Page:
As budget deficits go stratospheric, the federal “tax gap” is once again a hot topic in Washington. The tax gap is money the government believes should be paid in taxes, but isn’t. So bureaucrats are beefing up enforcement of existing rules or implementing new ones created by Congress, forming a new gauntlet of compliance requirements for small employers – especially those who use freelance or contract help.
[BizBest Update: Also see our followup to this story on a new SBA-sponsored report that says the IRS crackdown on small business has been bogus from the beginning!]
The bulls-eye is “worker misclassification.” Basically, that’s when you pay somebody as an independent contractor – thus avoiding the need to withhold payroll taxes – rather than as an employee. Or perhaps you are paying someone a salary when they really should be hourly and subject to overtime pay. Either way, if you get it wrong, it could cost you dearly.
The new federal budget hands the U.S. Department of Labor (DOL) an extra $25 million to pursue misclassification miscreants. But according to MBO partners, a leading human resources consulting firm, the extra dough for DOL is nothing compared to an estimated $8 billion boost the feds are giving IRS to modernize and expand enforcement programs.
Implications for small business are immense. “Minimum wage and overtime laws can be confusing, and not paying the proper wage to an employee can quickly turn into an expensive headache,” says Karen Harned, executive director of the NFIB Small Business Legal Center. “DOL is hiring more agents to investigate and charge businesses with overtime and other wage violations,” says Harned. To avoid penalties or claims from disgruntled employees, make sure your business hasn’t fallen into these common traps.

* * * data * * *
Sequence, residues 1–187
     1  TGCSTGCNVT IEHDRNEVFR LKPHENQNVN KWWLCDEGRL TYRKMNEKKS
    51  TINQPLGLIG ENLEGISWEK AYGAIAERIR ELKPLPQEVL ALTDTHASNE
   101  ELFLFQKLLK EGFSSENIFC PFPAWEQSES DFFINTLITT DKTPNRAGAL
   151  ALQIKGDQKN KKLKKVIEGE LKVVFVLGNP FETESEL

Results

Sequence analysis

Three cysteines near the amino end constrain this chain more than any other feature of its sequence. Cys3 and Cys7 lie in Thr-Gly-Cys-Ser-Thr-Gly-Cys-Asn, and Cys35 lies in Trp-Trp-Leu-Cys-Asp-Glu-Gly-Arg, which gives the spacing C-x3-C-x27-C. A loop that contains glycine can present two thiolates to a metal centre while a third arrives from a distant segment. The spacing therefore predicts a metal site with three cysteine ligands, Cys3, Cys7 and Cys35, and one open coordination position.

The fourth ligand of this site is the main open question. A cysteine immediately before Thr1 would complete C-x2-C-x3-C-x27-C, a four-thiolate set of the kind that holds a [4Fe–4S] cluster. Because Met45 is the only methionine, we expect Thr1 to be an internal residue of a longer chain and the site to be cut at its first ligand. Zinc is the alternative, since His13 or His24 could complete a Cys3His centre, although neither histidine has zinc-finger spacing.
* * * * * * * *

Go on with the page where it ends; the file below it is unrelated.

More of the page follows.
1. Letting hourly employees waive their right to overtime pay. Overtime pay is mandatory. Employees can’t opt out. Even if an employee is instructed to only work 40 hours per week, any hours actually worked over 40 hours in a seven-day workweek are subject to overtime pay.
2. Averaging hours worked over two weeks. Even if you use a two-week pay period, the Fair Labor Standards Act (FLSA) treats each work week as a single unit. An employee who works 42 hours in one week must be paid two hours of overtime, even if the same employee only works 20 hours the next week.
3. Giving time off instead of cash. The law is highly biased in favor of cash compensation rather than “comp time.” Neither the employer nor employee can agree to or insist on comp time in lieu of overtime pay.
4. Treating all salaried employees as exempt from overtime rules. Just because someone is salaried or carries a fancy job title doesn’t make them exempt from FLSA overtime requirements. Employers must be careful to ensure that employees are properly classified. Exempt employees must meet a certain minimum salary and fall under a certain exemption category specified by the FLSA. You can find details of the law at the DOL website (www.dol.gov/elaws).
5. Docking the pay of an exempt employee. An exempt employee must be paid on a salary basis. This means the employee receives a predetermined amount of pay which is not subject to reduction. Here’s the danger: If you make improper deductions from an exempt employee’s salary, the salaried basis of payment is destroyed and the exemption is lost. Don’t jeopardize the exemption. Make sure exempt employees are paid the same each pay period, regardless of hours worked. In other words, if an exempt employee shows up for part of a workday, you must pay him or her for the whole day.
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About the Author: Daniel Kehrer, Founder and Chief Content Officer of BizBest Media, is a senior-level leader in digital media, content development and online marketing with special expertise in startups, SMB, social media and generating traffic, engagement and leads. He holds an MBA from UCLA/Anderson and is a passionate entrepreneur (started 4 businesses), syndicated columnist, blogger, thought leader and author of 7 business and financial books.